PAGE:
(Maybe) Stop Complaining

So this past Shabbat, there was a wonderful guest speaker at Aish, Rav Gav(riel) Friedman. 


He was a very lively speaker and with a lot of worthy teachings for his lucky audience. 


One thing he said that really stuck with me is about people that complain. 


People have hard lives!


As he said, “I don’t know what each of you has been through.”


But one thing that can help us cope with our challenges is our perspective.  


And then he said the following:

We need to be glad that we have something to complain about!


Huh, what does that mean?


Well, think about it…


– If you complain about your spouse, thank G-d that you are married (and have a life partner) to complain about. 


– If you complain about your job, thank G-d that you have a job (and income) that you can complain about. 


– If you complain about your food, thank G-d that you have food to eat (and sustenance for your body) to complain about.


And so on and so forth. 


Whatever we complain about, think about what you actually have (the big picture) and what you are complaining about (usually the little picture). 


Really, we have so much to be grateful for that we can easily just forget or take for granted. 


So next time your complaining, THINK ABOUT WHAT YOU HAVE that you are complaining about–you might stop yourself from complaining.  😉


(Source Photo: Andy Blumenthal)

Bar Mitzvah Speech Page 3

Please see my new article in The Times of Israel called, “Bar Mitzvah Speech Page 3.”

I wondered to myself how come this bar mitzvah boy didn’t end his speech with the traditional thank you to: my loving mother and father, my dear grandparents, my annoying brothers and sisters, and all my terrific uncle and aunts who came from Israel, Europe, and Canada to be with me here on this special day? There was none of that, and I was puzzled — how can he not thank everyone who made this day possible?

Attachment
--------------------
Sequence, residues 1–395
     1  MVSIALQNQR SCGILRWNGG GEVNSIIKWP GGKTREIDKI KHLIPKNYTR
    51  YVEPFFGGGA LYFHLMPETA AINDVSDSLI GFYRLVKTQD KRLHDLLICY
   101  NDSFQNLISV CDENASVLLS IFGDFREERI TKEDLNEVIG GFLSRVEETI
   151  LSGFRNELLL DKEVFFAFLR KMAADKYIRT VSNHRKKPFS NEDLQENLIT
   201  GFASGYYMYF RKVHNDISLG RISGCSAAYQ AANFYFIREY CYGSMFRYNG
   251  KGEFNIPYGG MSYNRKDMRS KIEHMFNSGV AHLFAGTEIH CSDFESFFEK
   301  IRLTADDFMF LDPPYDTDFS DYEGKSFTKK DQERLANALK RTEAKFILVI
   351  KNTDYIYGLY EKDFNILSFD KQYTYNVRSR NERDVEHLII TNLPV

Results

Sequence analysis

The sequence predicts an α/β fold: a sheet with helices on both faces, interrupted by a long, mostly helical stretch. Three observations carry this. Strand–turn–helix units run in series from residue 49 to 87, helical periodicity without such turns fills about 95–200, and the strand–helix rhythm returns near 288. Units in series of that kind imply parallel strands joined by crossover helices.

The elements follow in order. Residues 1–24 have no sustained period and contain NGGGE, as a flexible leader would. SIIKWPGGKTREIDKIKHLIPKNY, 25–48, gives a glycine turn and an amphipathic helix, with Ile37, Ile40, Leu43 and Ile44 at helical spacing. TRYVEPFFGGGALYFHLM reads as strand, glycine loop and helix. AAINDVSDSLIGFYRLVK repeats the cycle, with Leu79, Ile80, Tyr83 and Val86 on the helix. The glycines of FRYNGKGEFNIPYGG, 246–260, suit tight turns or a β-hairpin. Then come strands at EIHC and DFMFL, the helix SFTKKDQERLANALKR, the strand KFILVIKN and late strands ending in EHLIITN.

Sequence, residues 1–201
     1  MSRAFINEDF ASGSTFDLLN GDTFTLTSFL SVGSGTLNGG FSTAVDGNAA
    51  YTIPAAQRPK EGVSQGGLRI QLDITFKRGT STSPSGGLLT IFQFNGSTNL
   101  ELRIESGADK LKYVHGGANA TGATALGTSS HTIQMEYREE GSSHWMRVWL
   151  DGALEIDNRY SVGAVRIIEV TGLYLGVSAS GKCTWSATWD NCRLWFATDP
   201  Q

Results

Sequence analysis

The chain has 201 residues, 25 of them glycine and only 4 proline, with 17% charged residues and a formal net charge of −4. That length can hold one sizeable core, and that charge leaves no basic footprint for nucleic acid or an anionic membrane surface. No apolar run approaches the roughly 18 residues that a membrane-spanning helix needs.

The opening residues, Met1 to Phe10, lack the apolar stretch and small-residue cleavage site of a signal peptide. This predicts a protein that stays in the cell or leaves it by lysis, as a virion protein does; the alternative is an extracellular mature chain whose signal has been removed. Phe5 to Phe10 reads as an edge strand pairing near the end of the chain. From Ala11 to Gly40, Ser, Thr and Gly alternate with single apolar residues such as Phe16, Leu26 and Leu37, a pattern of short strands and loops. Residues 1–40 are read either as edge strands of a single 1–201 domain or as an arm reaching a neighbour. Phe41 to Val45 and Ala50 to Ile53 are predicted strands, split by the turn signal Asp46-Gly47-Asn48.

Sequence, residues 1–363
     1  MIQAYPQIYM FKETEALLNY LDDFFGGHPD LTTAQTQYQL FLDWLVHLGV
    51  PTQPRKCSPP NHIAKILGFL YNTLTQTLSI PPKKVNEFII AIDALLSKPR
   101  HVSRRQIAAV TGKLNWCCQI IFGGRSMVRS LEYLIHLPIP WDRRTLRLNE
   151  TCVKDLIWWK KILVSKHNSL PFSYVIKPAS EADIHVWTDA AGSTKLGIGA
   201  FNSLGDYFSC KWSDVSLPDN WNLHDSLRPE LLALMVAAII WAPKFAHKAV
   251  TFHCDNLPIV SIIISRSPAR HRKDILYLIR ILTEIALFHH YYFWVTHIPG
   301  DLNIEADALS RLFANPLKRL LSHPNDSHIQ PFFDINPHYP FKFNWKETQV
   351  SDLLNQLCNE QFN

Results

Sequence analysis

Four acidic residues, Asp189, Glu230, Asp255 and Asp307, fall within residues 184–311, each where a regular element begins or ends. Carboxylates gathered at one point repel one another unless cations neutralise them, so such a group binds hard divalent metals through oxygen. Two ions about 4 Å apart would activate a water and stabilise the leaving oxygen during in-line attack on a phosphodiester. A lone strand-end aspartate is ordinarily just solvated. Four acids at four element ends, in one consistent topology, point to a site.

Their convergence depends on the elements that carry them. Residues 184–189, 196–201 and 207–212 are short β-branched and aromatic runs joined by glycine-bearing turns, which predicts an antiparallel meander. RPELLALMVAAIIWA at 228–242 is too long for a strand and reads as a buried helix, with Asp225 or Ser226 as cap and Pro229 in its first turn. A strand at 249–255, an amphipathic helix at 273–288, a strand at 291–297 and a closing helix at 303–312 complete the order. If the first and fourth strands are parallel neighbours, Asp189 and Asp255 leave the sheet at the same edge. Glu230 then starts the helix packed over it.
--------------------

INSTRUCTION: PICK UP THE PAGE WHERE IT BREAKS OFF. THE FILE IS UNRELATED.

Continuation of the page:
This was a true lesson about always being prepared and resilient, because that is what true empowerment is all about. 


(Source Photo: Andy Blumenthal)

Victory Or Defeat

I was reading Vladimir Jabotinsky’s “Story of My Life.”


And there is this quote that I really like attributed to Kipling in it:

Victory or defeat: learn to accept both with equanimity since both are deceptions.

I just thought this is profound.  


We never really fully win or lose. 


Everything is on a spectrum. 


And where we think we are on that spectrum is often not even nearly correct. 


You think you won that one, but guess what someone else has outsmarted you and you don’t even know it yet. 


Also, wins can be easily followed by loses and vice versa.


Things can turn on a dime and who’s up becomes who’s down–as the wheel of life turns and turns again. 


Recognize that you don’t control everything–actually, the only thing you do control is how you react and behave.


Everything else is a test to teach you and help you grow. 


And as I heard from a speaker yesterday, “you can’t make up in space, what you have lost in time.”


Victory or defeat, both are deceptions. 


Only how you choose to act is the real win or lose. 


(Source Photo: Andy Blumenthal)

An Early Death

So I received an email last night from the teacher of my Ulpan class. 


She was passing along a message from a wonderful man in class letting her and us know some terrible news.


His son suddenly and unexpectedly died at just 28-years old this past week. 


He wrote about how tragedy like this impacts a person and family, and that obviously he didn’t know when he would be coming back to class. 


The message from this man who had just prematurely lost his son in the prime of his life really hit me. 


Life is so tenuous–where everything truly hangs in the balance by a thin thread. 


You can think you are building a fortress of success where no one and nothing can touch you, hurt you.